T. Dough Hydration

101.45%

 

 

 

 

Whole Grain %

100.00%

 

 

 

 

 

 

 

 

 

 

Hydration w/ Honey

100.12%

 

 

 

 

Total Weight

859

 

 

 

 

 

 

 

 

 

 

Honey

9

2.96%

 

 

 

VW Gluten

10

3.29%

 

 

 

Total

19

6.25%

 

 

 

 

dabrownman's picture
dabrownman

Typo after typo,  My left fnger doesn't know what my right finger is doing.  This is way worse than dyslexia, which I had but sold to Lebanese rug trader and a lot more painful too.

With plenty of rye, WW and semolina bread in the freezer we baked off another as close to white bread as we ever make for the bread winners daily lunches.   My wife prefers Oroweat whole wheat bread but we are slowly winning her over to SD bread in the 25%-35 % whole grain range.

 

This one was 25% home ground whole grain bread with spelt, rye and WW ground from berries.   The remainder of the flours used for the bread were grocery bought bread flour and AP milled by KAF.

 

The bread baked up nicely browned with small to medium blisters.  The crust came out crisp but went soft and chewy as it cooled.  The bloom and spring were OK but nothing special.   The crumb was moderately open, soft, chewy and slightly glossy.  This bread had a bolder SD tang right after being cooled and we assume it will get better tomorrow. 

 

If you like David Snyder’s Pugliesi Capriosso and San Joaquin or Pierre Nury’s Rustic Light Rye you will like this bread.  For a nearly white bread it sure is tasty.  Just delicious.

 

The formula follows the pictures.

Method

The levain starter was equal amounts of rye sour, desem and spelt (a new one that we will soon convert to Kamut) and built up over (2) 3 hour and (1) 2 hour build.

The levain was refrigerated overnight after nit had doubled along with the autolysed flours which included the entire formula less the levain.  There were no sprouts, scald, soaker or add ins with the exception of the red and white home made malts, some ground flax seed and a tiny bit of honey.

The next day the autolyse and the levain were removed from the fridge and sat on the counter for 1 hour to warm.  The two were combined in the KA mixing bowl and kneaded with the dough hook for 8 minutes on KA2.  The dough pulled away from the sides at the 7 minute mark.  It came together easily for the 75% hydration dough.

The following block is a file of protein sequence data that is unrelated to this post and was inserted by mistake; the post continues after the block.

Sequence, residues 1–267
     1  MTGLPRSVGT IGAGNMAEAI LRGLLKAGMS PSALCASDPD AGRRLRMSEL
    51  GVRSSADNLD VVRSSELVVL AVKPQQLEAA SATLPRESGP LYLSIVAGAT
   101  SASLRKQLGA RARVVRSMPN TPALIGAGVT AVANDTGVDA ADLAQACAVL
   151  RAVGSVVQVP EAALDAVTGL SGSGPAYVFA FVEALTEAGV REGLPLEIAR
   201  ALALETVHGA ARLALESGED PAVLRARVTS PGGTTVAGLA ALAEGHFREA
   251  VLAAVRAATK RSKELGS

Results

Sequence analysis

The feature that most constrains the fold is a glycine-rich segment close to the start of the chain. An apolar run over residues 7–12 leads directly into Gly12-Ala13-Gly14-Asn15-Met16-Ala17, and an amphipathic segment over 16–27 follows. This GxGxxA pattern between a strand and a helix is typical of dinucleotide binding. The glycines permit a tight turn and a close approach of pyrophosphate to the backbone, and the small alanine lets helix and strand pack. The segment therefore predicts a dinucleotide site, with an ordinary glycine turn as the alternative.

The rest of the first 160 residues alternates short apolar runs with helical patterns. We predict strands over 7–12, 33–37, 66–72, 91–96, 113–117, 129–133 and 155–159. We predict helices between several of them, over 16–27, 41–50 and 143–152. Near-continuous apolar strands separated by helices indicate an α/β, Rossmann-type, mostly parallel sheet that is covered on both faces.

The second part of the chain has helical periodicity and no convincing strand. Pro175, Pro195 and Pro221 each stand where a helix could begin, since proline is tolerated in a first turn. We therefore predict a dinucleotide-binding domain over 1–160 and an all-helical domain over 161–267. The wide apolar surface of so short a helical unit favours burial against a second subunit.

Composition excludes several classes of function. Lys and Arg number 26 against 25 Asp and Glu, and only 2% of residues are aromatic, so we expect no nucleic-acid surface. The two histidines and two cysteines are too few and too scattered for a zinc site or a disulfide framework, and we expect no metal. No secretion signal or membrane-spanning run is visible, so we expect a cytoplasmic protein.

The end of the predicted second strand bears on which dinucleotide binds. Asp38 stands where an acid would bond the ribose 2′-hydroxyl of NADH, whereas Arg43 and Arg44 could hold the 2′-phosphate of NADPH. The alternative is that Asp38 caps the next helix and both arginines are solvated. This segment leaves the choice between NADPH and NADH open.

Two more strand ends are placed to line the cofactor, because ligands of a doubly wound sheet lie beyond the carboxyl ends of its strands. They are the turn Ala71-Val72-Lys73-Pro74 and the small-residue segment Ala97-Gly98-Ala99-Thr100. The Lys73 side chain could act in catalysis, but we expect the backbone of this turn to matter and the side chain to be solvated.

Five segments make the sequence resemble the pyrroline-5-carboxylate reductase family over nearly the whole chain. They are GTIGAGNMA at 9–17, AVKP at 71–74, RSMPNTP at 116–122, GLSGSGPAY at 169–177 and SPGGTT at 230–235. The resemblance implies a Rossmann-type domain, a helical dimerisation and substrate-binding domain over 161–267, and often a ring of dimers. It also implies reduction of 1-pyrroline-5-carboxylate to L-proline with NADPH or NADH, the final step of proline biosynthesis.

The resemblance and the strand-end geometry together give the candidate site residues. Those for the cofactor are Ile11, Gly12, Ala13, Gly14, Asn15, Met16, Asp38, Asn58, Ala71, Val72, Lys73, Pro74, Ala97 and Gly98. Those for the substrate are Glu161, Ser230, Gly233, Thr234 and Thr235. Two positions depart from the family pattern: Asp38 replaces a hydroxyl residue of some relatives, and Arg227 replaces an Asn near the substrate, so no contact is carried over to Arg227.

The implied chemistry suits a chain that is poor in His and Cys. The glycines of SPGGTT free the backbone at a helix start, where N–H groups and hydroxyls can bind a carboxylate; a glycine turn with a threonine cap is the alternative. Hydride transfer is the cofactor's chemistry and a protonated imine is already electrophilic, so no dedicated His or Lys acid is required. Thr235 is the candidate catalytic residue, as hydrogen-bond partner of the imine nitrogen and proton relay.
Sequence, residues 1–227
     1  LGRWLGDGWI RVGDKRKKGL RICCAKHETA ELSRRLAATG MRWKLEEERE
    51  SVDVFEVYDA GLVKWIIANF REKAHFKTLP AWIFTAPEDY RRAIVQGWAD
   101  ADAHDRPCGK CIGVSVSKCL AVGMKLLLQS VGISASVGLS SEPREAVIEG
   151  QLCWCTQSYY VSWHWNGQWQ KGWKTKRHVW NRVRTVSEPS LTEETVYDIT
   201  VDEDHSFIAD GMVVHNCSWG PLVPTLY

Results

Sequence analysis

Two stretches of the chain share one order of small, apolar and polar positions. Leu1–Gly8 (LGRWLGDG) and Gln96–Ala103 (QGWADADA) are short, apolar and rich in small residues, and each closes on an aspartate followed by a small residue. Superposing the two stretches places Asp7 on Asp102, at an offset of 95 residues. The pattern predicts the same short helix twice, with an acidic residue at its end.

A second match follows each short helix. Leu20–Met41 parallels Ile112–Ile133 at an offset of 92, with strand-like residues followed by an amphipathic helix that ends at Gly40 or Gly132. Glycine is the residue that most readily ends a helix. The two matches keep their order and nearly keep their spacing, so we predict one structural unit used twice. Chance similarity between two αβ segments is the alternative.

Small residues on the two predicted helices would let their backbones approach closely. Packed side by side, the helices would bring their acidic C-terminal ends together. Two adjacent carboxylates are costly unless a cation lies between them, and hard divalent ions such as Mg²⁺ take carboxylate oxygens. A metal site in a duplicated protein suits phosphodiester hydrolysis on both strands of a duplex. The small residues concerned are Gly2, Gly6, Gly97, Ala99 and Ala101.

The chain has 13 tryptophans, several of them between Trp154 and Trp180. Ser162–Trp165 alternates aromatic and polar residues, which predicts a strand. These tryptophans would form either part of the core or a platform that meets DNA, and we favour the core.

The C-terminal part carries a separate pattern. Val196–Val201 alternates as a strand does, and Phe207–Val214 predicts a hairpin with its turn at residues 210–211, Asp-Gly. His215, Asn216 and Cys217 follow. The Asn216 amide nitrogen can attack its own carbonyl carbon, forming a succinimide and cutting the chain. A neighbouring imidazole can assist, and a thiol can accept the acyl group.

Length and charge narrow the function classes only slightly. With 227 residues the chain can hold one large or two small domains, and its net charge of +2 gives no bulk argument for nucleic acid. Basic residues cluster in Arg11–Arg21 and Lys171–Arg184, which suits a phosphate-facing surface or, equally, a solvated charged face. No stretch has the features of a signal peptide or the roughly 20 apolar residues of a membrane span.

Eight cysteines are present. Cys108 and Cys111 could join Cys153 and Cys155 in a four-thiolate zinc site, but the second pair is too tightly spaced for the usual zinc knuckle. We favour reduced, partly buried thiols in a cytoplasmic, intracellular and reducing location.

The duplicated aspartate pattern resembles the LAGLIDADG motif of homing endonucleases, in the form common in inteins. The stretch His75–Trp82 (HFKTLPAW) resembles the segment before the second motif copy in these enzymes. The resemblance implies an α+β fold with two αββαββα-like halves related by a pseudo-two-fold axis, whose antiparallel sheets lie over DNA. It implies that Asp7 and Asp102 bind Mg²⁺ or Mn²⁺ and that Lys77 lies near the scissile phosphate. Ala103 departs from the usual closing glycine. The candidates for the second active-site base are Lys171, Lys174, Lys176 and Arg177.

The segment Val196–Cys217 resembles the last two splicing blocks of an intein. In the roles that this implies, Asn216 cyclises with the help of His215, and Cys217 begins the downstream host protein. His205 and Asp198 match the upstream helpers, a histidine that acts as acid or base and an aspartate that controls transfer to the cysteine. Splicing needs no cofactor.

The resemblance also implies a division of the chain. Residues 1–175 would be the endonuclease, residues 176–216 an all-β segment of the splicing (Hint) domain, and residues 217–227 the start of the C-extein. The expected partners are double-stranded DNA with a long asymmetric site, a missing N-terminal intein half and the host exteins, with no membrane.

It was rested in an oiled plastic tub, sized for a 836 g loaf, for 20 minutes before (4) sets of S& F’s were performed all in the tub.  The first set was 25 stretches with a ¼ turn each time.  The next set was 5 stretches less all the way down to the last one of 10 for a total of 70 stretches.

After the last S&F the dough was rested for 60 minutes before being pre-shaped and then shaped into a boule and placed into a rice floured basket seam side up.  The basket was sized to allow the dough to double when it reached the top.

Sandwixh on the left made with last bakes Semolina Bread - good but not great like this bake.

The boule was them placed into a plastic trash can liner, the end closed with a rubber band.  The tented and basketed boule was placed in the refrigerator for a 12 hour retard.

Makes a great grilled hot dog bun! cantaloupe, cherries, black grapes, chips and pico de gillo. 1/2 ea plum and peach, 3 kinds of pickles and some Mexican beans - a typical but still a nice lunch to feature this  fine bread.

After 12 hours the mini oven was preheated to 500 F and (2) of Sylvia’s steaming cups with dish rage rolled up were micro waved until boiling.  The dough was covered with parchment and then the bottom of the mini’s supplied broiler pan.  The whole stack was overturned and the basket removed.

It was quickly slashed ¼” deep with a single sided razor blade, the steaming cups placed in the corner and the whole apparatus loaded into the mini oven’s bottom rack for 15 minutes of steam as the oven was turned down to 450 F.   When the steaming cups were removed at the 15 minute mark the oven was turned down to 400 F convection this time.

The boule was rotated every 5 minutes for the next 20 minutes when the boule was tested for temperature.   It was at 208 F and deemed done.   The mini oven was turned off and the bread allowed to sit in it with the door ajar for another 10 minutes to further crisp the skin.  It was then removed to a cooking rack.